On Economists, Tax Cuts and “Being Denmark”

by Nicholas Vardy

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In 2003, then-President George Bush proposed massive tax cuts on dividend income and capital gains.

In response, 450 economists (including 11 Nobel Prize winners) signed a letter opposing the tax cuts.

The group argued that the tax cuts would increase both the deficit and inequality.

Shortly afterward, 250 economists wrote a letter of support for the Bush tax cuts.

They argued that it was “fiscally responsible and it will create more employment, economic growth and opportunities for all Americans."

Predictably, the Trump tax cuts have been similarly controversial, with supporters and detractors split along political party lines.

Taxation has always been a hot-button issue in the American psyche.

After all, the Boston Tea Party - led by the Sons of Liberty - helped launch the American Revolution.

Today it’s mostly economists who guide the serious discussions...

And the views of the right and the left could hardly be more different.

The “Right” Argument

When discussing taxes, free market economist Friedrich Hayek focused on efficiency and freedom.

Hayek argued that government spending is by its nature inefficient. So the less of it, the better.

Keeping more of your own money allows you the freedom to grow your wealth as you see fit.

President Reagan’s budget director David Stockman famously argued that tax cuts allow businesses to invest more. That investment, in turn, creates more jobs.

Thus, the idea of “trickle-down economics” was born.

Economist Arthur Laffer - a leading advisor to the Reagan administration - provided the most compelling rationale for cutting taxes.

Forty years ago, Laffer doodled the now famous “Laffer curve” on the back of a cloth napkin in a Washington, D.C., restaurant.

Put simply, Laffer argued that if the government cut taxes, total tax revenue would actually rise, not fall, because more people would be incentivized to work... and to work more.

Right-leaning politicians loved Laffer.

After all, he basically told them they could have their cake... and eat it, too.

The Response From “Left Field”

Stockman and Laffer’s logic drove mainstream economists of the left nuts.

To them, it was evident that cutting taxes resulted in less spending on public services, higher government borrowing and rising inequality.

Economists Paul Samuelson and Joseph Stiglitz argued that the free market is poor at providing public goods like roads, national security and police.

Having more money from income tax cuts, they said, is a false economy.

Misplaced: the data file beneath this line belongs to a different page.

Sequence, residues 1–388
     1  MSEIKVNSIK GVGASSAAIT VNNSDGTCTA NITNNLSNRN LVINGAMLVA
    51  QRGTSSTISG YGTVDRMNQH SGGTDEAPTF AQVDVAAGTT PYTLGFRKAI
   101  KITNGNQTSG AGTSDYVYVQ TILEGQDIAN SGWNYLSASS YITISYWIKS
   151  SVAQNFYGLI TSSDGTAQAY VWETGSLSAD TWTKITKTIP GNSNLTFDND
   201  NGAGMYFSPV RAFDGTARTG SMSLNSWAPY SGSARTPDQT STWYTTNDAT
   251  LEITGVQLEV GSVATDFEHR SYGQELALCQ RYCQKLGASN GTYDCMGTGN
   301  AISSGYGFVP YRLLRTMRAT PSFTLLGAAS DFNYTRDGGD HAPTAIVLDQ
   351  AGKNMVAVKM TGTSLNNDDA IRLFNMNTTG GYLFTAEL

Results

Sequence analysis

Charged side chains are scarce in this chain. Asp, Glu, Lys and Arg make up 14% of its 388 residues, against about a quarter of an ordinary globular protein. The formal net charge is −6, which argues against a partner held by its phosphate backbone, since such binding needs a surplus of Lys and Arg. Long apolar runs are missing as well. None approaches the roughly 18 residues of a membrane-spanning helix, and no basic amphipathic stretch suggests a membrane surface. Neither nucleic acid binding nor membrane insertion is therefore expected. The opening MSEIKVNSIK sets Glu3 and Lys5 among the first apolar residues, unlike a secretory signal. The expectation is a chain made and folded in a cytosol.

You may save money on your taxes, but if less spending on road repairs means more potholes, you'll end up spending more on car repairs.

The left also ridiculed the Laffer curve. They pointed to the continued explosion of government debt after each new Bush tax cut. They joked that Laffer’s famous doodle had the shape - and the substance - of a wishbone.

Finally, they made a moral argument.

Tax cuts benefit high-income earners disproportionally, increasing inequality.

And rising inequality would shake the very foundations of a stable society.

The View From the Bleachers

If you’ve made up your mind about tax cuts, nothing I write will change it.

However, let me share two perspectives...

First, the Laffer curve can work surprisingly well - but for reasons Laffer never expected.

When Russia first introduced a flat tax of 13% in 2001, tax revenues soared tenfold over the next decade.

It was a stunning confirmation of the Laffer curve.

(The Wall Street Journal even dubbed Russia’s success the “Putin curve.”)

The real reason for the success was best explained to me by a street-smart Russian entrepreneur.

He told me it cost him at least 10% to engage in the shenanigans needed to avoid paying taxes.

A flat tax of 13% was just low enough for him to pay willingly, to avoid the hassle of not paying.

Second, it’s a big world out there.

Shockingly, the citizens of some countries are okay with paying high taxes.

The left often idealizes the Nordic countries (Denmark, Finland, Norway and Sweden) where income and consumption (sales) tax rates are together far north of 50%.

High taxes allow the Nordic countries to afford generous welfare states.

Benefits include free education, free healthcare and guaranteed pension payments for retirees.

(Imagine your financial life if you didn’t have to save for college, buy expensive health insurance or worry about your retirement.)

As political scientist Francis Fukuyama once told me, the eternal question among many U.S. policymakers is “Why can’t we all be more like Denmark?”

My answer?

Countries - including the United States - shouldn’t try to “be more like Denmark.”

Like individuals, countries should have the freedom to choose policies that are best for them.

In Russia, a 13% flat tax made a lot of sense for specific reasons.

And citizens in Nordic countries are willing to pay higher taxes because the government gives them cradle-to-grave security. This is as much a part of their cultural values as personal freedom is to ours.

In the U.S., lower taxes allow citizens to take on more personal responsibility.

And that’s very much in line with an American tradition that goes all the way back to the Boston Tea Party.

As a firm believer in personal liberty and choice, my own biases are evident.

However, here’s the irony...

The U.S. left idealizes the high-tax Nordic model and struggles with how to graft those values onto our society.

In contrast, the Nordic countries themselves don’t go out of their way to convince other nations to adopt their model.

The Nordics respect the freedom of nations to decide what’s best for them.

And that is what the freedom to chart your own course is all about.

Good investing,